Interactions between depressed persons and their social network are often characterized by misunderstanding and unsuccessful support attempts. One possible reason for these interpersonal problems could be discrepancies between depressed and never-depressed persons' illness representations of depression. These discrepancies in illness representations may result in discrepancies in perceptions of the helpfulness of social support which in turn may lead to unmet needs and unsuccessful social support attempts.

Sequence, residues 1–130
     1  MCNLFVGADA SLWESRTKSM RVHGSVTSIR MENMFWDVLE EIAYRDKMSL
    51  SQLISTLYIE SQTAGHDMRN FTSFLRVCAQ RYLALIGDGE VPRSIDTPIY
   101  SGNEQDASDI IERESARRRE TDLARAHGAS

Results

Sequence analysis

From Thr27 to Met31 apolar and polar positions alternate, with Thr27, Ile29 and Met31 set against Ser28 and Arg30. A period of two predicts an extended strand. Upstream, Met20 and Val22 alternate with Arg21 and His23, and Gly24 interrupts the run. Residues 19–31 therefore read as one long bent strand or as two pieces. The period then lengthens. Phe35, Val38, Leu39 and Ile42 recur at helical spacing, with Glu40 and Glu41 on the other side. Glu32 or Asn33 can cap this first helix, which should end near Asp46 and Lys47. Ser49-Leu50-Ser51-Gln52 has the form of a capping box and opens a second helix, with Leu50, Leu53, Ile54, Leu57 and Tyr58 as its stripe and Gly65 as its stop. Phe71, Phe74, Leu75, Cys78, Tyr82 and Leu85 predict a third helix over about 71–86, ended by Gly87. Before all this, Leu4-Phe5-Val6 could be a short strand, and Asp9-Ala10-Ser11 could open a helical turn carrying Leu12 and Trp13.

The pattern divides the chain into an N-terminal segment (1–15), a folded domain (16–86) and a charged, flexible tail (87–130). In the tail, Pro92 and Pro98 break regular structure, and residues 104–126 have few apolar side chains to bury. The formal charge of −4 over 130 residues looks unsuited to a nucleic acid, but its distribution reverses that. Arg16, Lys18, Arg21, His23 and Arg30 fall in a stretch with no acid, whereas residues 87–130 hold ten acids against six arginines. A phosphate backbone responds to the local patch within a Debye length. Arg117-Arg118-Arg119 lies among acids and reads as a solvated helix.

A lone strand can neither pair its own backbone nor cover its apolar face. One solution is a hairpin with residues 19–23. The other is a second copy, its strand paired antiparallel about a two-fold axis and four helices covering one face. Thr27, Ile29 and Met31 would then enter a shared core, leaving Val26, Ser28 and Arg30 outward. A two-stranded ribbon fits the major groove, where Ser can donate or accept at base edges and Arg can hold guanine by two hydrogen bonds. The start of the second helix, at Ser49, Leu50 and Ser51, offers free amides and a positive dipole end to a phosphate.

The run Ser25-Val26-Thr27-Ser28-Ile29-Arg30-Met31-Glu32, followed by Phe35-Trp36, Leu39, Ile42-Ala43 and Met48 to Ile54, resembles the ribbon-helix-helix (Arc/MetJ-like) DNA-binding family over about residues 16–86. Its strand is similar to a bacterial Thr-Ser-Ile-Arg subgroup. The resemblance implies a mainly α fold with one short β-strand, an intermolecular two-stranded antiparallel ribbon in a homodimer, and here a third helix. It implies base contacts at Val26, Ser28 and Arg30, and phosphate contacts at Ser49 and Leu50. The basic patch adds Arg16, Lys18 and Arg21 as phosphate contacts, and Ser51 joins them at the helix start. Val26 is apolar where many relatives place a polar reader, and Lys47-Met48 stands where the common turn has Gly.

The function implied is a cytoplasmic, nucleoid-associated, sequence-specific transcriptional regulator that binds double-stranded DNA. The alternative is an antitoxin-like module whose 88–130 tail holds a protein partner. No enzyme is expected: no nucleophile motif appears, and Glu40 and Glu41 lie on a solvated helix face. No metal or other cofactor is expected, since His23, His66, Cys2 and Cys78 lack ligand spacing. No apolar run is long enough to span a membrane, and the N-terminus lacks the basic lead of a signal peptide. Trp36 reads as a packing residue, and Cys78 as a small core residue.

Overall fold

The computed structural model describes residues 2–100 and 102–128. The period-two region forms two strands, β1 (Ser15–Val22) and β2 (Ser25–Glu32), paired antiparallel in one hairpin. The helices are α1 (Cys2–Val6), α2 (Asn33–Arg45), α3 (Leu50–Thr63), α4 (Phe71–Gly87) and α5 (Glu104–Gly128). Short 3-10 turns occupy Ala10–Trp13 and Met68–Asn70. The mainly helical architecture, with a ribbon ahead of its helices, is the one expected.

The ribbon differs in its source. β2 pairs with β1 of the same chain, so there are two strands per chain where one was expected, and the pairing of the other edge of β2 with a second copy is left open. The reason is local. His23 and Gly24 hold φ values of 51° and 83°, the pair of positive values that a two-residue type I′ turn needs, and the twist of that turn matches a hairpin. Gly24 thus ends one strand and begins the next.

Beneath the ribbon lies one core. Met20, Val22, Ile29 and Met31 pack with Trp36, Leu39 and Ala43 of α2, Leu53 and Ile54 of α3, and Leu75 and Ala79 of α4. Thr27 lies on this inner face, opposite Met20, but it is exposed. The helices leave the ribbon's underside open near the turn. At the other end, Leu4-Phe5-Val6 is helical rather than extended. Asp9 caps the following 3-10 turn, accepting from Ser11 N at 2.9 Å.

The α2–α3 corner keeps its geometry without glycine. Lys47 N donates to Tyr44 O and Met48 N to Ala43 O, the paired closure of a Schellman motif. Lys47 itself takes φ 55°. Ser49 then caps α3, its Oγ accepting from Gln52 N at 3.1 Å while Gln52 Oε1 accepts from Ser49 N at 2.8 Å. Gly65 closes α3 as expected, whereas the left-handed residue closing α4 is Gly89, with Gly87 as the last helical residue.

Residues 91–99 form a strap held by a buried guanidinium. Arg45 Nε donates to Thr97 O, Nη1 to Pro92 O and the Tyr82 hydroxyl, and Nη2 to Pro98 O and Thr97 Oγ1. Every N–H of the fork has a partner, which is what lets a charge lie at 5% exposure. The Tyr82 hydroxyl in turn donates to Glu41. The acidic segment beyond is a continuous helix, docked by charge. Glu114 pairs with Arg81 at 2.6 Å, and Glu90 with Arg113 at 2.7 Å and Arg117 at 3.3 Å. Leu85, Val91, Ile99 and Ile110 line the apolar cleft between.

The present project examines illness representations of depression and perceptions of appropriate social support when facing depression among currently depressed persons and never-depressed persons. Three research goals were addressed: (1) contrasting illness representations of depression among depressed and never-depressed persons with regard to the representational attributes suggested by the self-regulation model; (2) comparing depressed persons' (recipients) and never-depressed persons' (potential providers) perceptions of the helpfulness of different social support behaviors; and (3) investigating the relationship between illness representations and perceptions of the helpfulness of social support among depressed persons and never-depressed persons.